It is void as class legislation, since it attempts to place automobiles in a class by themselves and assesses against them a tax not assessed against other vehicles using the roads as much or more, and which damage the roads as much or more than automobiles, and which are not sought to be assessed with any taxes whatever.

It is void because it is taking the property of a citizen without due process of law; hence, it is an attempt in an indirect way to collect a tax on automobiles which it could not do directly as a police measure or as a tax on property. It is void because it discriminates against a resident of this state. It will be seen that nonresidents may use the roads for two months without payment of this fee. It is void because it is an attempt to levy a privilege tax upon the ownership of property, or upon its use by its owners who have a right to use it in any lawful manner, and not upon any vocation, occupation or calling. It is therefore void if it is a tax, because it is not uniform and equal and according to value, and any attempt to exact it is in violation of both the state and Federal Constitutions. It is void if it is a privilege tax, because it is not levied upon an occupation, but upon a legitimate use by the owner of his property. It is void if it is a road tax, because the public roads are open to all who use them in a legitimate way; and the legislature cannot require the owners of one class of property to maintain them, and discriminate against them in favor of the owners of other classes of property.

The attorney-general treats this tax as if it was levied under the police power of the state; if this is true, then only that part of the tax collected as a registration fee can be upheld, for the reason that the police power extends only to the registration and regulation by prescribed rules of the use of the automobiles on the public highways. Any effort to collect more than a reasonable amount for such registration and regulation has already been condemned by this court in the Lawrence case in 61 So. 975.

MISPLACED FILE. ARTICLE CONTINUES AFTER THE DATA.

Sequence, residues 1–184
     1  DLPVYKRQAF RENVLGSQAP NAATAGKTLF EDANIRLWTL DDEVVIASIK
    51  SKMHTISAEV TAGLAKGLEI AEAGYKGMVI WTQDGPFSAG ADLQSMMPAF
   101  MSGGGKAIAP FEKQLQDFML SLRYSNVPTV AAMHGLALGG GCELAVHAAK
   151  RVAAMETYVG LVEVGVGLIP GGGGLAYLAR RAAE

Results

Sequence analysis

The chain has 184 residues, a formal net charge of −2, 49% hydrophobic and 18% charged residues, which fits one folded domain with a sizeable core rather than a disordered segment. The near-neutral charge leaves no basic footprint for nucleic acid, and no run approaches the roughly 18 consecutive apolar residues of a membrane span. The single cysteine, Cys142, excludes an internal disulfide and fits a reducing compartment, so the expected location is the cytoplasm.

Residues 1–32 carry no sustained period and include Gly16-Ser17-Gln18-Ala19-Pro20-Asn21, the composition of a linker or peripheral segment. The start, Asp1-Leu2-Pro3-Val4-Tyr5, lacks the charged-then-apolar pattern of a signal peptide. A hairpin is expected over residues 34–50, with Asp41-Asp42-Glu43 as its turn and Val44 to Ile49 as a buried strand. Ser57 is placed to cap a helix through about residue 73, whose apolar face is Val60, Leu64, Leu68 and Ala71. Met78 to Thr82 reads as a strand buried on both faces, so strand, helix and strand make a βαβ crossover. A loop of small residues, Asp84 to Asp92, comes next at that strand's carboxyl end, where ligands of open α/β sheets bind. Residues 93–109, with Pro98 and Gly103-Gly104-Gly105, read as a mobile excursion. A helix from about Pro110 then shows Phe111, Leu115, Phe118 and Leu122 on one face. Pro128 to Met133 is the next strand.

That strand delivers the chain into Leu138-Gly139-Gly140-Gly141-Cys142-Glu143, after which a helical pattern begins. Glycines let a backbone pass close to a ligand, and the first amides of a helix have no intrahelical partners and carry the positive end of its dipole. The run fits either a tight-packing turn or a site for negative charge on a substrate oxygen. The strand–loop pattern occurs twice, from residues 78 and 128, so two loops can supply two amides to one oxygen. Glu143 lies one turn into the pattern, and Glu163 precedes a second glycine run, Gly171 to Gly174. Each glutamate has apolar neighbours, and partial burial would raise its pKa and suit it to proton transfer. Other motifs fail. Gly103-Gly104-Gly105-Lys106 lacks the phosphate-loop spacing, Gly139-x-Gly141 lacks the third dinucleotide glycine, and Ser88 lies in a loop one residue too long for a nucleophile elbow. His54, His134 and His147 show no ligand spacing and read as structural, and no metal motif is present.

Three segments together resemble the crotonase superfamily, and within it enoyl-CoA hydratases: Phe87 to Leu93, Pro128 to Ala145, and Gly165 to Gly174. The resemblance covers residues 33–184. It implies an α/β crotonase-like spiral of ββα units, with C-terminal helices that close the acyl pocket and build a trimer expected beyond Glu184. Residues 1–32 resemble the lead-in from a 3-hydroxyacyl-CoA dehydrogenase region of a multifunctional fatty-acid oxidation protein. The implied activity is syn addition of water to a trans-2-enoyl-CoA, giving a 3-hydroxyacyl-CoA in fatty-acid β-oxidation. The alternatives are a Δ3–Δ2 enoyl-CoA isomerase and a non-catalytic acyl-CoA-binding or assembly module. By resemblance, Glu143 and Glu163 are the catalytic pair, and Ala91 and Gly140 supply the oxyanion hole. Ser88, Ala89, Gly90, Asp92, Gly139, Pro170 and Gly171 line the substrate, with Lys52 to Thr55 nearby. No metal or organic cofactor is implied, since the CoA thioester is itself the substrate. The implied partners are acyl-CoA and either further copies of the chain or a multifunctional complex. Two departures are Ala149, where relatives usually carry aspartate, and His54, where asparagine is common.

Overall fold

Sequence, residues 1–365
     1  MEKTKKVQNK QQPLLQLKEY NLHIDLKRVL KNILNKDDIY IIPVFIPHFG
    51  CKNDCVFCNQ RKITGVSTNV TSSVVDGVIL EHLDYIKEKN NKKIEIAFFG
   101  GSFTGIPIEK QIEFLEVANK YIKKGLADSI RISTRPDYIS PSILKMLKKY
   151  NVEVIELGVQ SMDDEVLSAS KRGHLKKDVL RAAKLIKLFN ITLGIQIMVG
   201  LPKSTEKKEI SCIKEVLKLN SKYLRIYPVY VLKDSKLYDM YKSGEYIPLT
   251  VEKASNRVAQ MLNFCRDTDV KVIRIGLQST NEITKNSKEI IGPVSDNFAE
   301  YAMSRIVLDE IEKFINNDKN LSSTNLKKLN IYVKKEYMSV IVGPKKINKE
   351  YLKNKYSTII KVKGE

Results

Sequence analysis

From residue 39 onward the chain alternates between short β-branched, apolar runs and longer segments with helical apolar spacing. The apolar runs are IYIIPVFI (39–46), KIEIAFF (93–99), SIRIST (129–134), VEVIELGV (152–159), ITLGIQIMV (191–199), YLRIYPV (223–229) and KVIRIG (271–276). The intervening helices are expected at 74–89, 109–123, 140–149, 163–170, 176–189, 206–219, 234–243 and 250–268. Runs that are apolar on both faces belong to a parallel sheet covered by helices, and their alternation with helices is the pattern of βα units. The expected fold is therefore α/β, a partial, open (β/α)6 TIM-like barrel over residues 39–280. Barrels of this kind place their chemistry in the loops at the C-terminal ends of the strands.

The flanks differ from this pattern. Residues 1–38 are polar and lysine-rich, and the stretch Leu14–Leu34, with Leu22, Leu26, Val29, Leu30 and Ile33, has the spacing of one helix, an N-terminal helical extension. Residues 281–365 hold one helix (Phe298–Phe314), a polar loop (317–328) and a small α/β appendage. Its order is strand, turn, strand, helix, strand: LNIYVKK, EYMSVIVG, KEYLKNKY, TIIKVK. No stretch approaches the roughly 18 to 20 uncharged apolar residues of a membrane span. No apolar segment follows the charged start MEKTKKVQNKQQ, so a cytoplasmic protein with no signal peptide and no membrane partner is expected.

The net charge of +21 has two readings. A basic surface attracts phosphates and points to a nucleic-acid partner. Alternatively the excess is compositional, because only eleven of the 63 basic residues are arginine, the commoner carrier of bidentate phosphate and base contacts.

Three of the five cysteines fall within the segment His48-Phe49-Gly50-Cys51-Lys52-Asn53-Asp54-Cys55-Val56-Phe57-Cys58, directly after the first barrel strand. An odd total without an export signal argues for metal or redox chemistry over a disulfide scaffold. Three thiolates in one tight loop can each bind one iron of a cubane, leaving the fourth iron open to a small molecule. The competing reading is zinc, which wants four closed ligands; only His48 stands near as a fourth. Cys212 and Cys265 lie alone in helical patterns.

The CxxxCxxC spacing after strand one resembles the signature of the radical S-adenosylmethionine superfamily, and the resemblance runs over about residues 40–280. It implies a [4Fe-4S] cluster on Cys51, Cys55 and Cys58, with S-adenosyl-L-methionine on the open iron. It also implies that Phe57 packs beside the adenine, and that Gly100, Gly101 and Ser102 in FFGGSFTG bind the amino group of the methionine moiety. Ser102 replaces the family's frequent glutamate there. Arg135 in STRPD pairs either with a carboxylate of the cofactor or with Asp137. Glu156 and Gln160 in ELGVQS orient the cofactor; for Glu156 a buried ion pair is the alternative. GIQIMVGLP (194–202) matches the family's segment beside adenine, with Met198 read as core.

I take it therefore, that in order to save it from this condemnation the legislature provided that the overplus sought to be exacted should be applied to road purposes. It is perfectly clear that it could not have been applied to any other purpose; and that it is now for the court to decide whether this application after collected will save it from condemnation.



Appellee, the owner of an automobile, was charged with failure to pay the privilege tax required by section 2, chapter 120, Laws of 1914. The purpose of the act (chapter 120) is, quoting from the title, "to levy a privilege tax on motor vehicles and motor cycles for using the public roads and to provide for the registration of motor vehicles and motor cycles." Section 2, which imposes the annual privilege tax on motor vehicles and motor cycles, begins with the following: "There is hereby levied the following annual privilege tax for the privilege of using the public roads." Then follows in detail what the tax is on the different motor vehicles and motor cycles. The case was heard before the judge, jury being waived, on an agreed statement of facts. We quote therefrom as follows:

"It is agreed that he violated said section of said act, but his contention is that said law is unconstitutional and void; and it is agreed that the only question for determination by the court is the constitutionality and validity of said law. It is also agreed that the defendant has paid all ad valorem taxes on said automobile due the state, county, and city, and that he has paid the privilege license required by law on an automobile kept for hire, and an additional privilege license for operating a public garage."

The trial judge held section 2 of chapter 120 unconstitutional and void, and discharged appellee.

The state's right to require registration of a motor vehicle and motor cycles, as provided in chapter 120, is conceded by counsel for appellee. It is contended that the state has no right to exact of appellee the payment of an additional tax in the way of privilege for the use of the public roads. It is provided in the act that the privilege tax shall be collected by the tax collector of the county, and shall be paid into the treasury and credited to the road and bridge privilege tax fund, and shall be used by the supervisors in improving, repairing, maintaining, extending or constructing the roads and bridges of the county. This law does not impose a tax on motor vehicles and motor cycles as property, nor is it a tax on the person for the ownership of the vehicle. It is a tax on the privilege of using the vehicle upon the public roads. It is in the nature of a toll for the use of the highway. Not the vehicle, but the privilege of using the vehicle, is taxed. This is...